The government does not intend to impose limitations, however it is committed to moral issues, the minister said.
The minister’s statements seem to put an end to recent uncertainty on the issue following the rumors that an Iranian court has ordered banning the networks.
Earlier on Jan. 7, Iranian media outlets reported that the judiciary has ordered the Iranian government to block access to WhatsApp, Line, and Tango because the services can be used to share “immoral” content. They reported that the apps will be blocked in the new future.
The judiciary has been trying to get Iran’s government to block access to these services since September 2014.
Earlier in October 2014 in response to a final order by the judiciary to close down mobile messaging services such as WhatsApp, Viber and Tango, the country’s Communications and Information Technology Minister Mahmoud Vaezi said that it would have no effect.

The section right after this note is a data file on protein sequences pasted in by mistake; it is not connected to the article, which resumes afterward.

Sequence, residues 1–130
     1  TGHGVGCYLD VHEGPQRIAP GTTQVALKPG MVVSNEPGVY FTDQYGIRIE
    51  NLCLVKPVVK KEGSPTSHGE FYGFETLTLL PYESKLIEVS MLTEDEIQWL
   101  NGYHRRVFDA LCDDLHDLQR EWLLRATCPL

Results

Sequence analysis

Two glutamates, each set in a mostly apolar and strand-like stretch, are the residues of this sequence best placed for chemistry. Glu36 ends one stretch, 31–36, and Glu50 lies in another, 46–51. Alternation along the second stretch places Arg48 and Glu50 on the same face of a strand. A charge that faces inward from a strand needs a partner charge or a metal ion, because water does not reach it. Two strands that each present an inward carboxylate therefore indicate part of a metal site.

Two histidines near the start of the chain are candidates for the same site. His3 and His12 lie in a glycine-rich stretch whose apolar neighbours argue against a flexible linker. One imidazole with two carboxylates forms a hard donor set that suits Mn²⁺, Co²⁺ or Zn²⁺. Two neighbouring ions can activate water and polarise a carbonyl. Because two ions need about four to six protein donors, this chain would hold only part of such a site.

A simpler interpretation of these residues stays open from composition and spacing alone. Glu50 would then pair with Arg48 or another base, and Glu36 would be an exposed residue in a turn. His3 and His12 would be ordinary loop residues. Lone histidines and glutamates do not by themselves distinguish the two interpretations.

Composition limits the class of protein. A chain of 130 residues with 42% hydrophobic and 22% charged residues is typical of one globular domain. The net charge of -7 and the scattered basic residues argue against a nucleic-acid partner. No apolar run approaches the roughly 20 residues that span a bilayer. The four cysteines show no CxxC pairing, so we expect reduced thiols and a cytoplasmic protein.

“Our technical studies indicate that the number of social networks such as WhatsApp, Viber and Tango is so numerous that shutting them down is not the solution.”
About 4.5 to 5 million of Iranian citizens use WhatsApp and Viber.
It should be noted that several of world`s most popular networks, such as Twitter and Facebook are banned in Iran, while users are still able to access them via proxies. A proxy allows bypassing `gates` meant to block certain sites.
A survey by Iranian Ministry of Youth Affairs and Sports indicates that 69.3 percent of the country`s young generation use proxy servers to by-pass the filters and access banned Internet websites.